In both the placebo and antibiotic groups, patients were taking other medications . Roughly the same number of patients in each group took additional medications, but researchers did not conduct a subgroup analysis to see if patients treated with these medications responded differently than those who received antibiotics alone.
Whats New: Evidence Supports Antibiotics For Mild To Moderate Copd
Few placebo-controlled trials have addressed antibiotic use for exacerbations in patients with mild to moderate COPD.2,8,9 This study demonstrated that compared with placebo, symptom resolution and clinical success is greater with amoxicillin/clavulanate, and that antibiotic treatment also may increase time until next exacerbation.
The study also looked at the relationship of CRP and exacerbations in the placebo group. Higher spontaneous clinical cure rates were noted when the CRP was < 40 mg/L.
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Benefits And Risks Of Antibiotics To Treat Copd
There is no question that antibiotics are effective against many types of bacterial infections as long as the bacteria hasn’t developed antibiotic resistance. If you have COPD and develop a respiratory infection for any reason, your doctor will almost certainly prescribe antibiotics to help you get better.
However, the role of preventative antibiotics for COPD patients are mixed, even though research shows that antibiotics can both prevent COPD exacerbations , and treat COPD exacerbations . The main topic of dispute is not whether preventative antibiotics work, but whether or not their benefits are worth their risks.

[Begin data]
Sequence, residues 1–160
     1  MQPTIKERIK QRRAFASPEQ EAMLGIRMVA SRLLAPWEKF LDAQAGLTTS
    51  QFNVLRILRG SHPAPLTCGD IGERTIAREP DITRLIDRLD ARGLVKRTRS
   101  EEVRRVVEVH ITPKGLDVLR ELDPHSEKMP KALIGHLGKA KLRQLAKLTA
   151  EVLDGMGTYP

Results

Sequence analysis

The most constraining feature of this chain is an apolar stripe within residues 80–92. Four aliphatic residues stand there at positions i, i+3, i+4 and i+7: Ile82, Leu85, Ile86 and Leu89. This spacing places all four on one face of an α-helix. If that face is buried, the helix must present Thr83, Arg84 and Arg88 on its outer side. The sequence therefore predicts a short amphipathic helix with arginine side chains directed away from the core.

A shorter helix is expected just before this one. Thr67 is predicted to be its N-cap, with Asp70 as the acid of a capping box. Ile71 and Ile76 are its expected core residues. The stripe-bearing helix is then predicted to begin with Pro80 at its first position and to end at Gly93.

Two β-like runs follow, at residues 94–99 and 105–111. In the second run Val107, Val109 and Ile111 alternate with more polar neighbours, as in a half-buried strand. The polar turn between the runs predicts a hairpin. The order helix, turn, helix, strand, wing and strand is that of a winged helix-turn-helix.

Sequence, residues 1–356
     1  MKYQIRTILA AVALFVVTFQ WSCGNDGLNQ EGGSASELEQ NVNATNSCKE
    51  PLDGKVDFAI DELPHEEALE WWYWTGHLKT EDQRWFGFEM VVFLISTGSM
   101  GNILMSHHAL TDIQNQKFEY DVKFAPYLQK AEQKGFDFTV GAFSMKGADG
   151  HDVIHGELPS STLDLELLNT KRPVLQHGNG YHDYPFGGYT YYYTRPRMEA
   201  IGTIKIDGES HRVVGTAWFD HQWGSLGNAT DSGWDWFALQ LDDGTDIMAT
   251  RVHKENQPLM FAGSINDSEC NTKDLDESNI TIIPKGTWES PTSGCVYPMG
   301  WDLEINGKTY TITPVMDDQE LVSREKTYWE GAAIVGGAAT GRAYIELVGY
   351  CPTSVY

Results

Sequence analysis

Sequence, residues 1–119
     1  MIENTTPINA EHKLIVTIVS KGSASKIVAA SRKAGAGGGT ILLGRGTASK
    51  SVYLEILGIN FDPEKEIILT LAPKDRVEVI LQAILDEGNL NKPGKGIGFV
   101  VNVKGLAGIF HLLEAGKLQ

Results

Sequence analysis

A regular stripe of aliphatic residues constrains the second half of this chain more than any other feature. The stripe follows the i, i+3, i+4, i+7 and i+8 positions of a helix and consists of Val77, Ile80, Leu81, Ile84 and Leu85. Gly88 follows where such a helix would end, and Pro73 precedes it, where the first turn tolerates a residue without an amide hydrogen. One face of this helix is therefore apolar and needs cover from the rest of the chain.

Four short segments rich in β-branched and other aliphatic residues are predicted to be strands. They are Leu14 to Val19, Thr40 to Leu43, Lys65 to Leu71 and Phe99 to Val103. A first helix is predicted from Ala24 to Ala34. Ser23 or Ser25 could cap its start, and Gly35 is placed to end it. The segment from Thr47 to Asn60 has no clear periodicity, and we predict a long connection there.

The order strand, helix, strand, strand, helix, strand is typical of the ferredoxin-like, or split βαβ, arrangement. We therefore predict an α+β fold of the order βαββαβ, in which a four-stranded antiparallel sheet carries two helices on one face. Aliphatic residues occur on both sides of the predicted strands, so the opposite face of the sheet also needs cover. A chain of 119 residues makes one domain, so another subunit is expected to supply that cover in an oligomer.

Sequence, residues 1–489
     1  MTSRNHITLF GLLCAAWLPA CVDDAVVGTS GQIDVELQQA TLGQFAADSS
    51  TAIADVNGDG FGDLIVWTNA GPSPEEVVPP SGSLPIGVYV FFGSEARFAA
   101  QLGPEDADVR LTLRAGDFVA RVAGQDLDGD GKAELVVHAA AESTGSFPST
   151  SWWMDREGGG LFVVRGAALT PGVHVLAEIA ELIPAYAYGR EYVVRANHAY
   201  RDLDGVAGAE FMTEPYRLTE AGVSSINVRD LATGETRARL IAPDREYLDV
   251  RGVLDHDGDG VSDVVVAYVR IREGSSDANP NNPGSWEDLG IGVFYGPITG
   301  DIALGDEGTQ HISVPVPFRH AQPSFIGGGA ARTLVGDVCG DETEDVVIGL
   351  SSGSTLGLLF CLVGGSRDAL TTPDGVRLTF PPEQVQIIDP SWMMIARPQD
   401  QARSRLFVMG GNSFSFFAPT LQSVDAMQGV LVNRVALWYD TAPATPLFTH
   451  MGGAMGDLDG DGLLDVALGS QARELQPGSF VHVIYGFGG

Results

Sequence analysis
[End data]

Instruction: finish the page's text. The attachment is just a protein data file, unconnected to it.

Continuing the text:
This is a question that, for now, can only be answered on a case-by-case basis. It’s up to you and your doctor to decidebased on your disease severity, infection risk, and other personal health factorsif taking continuous or preventative antibiotics is right for you.
One of the main risks of taking antibiotics is antibiotic resistance this happens when bacteria mutate and become less susceptible to the effects of an antibiotic medication. This is a problem that affects everyonenot just those currently taking antibioticswhich is why antibiotic resistance is such a serious public health concern.
Preventative Antibiotic Therapy For People With Copd
What is COPD?
COPD is a common chronic respiratory disease mainly affecting people who smoke now or have done so previously. It could become the third leading cause of death worldwide by 2020. People with COPD experience gradually worsening shortness of breath and cough with sputum because of permanent damage to their airways and lungs. Those with COPD may have flare-ups most commonly with respiratory infections. Exacerbations may lead to further irreversible loss of lung function, as well as days off work, hospital admission, reduction in quality of life, or even death.
Why did we do this review?
We wanted to find out if giving antibiotics to prevent a flare-up would reduce the frequency of flare-ups and improve quality of life. Studies that were taken into consideration used either continuous prophylactic antibiotics , or antibiotics that were used intermittently or pulsed
What evidence did we find?
Results and conclusions
Even though there may be fewer exacerbations with antibiotics, there are considerable drawbacks of taking antibiotics. First, there were specific adverse events associated with the antibiotics, which differed according to the antibiotic used second, patients have to take antibiotics regularly for months or years finally, the resulting increase in antibiotic resistance will have implications for both individual patients and the wider community through reducing the effectiveness of currently available antibiotics.
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Antibiotic Use Characteristics Of Included Aecopd Patients Receiving Antibiotic Treatment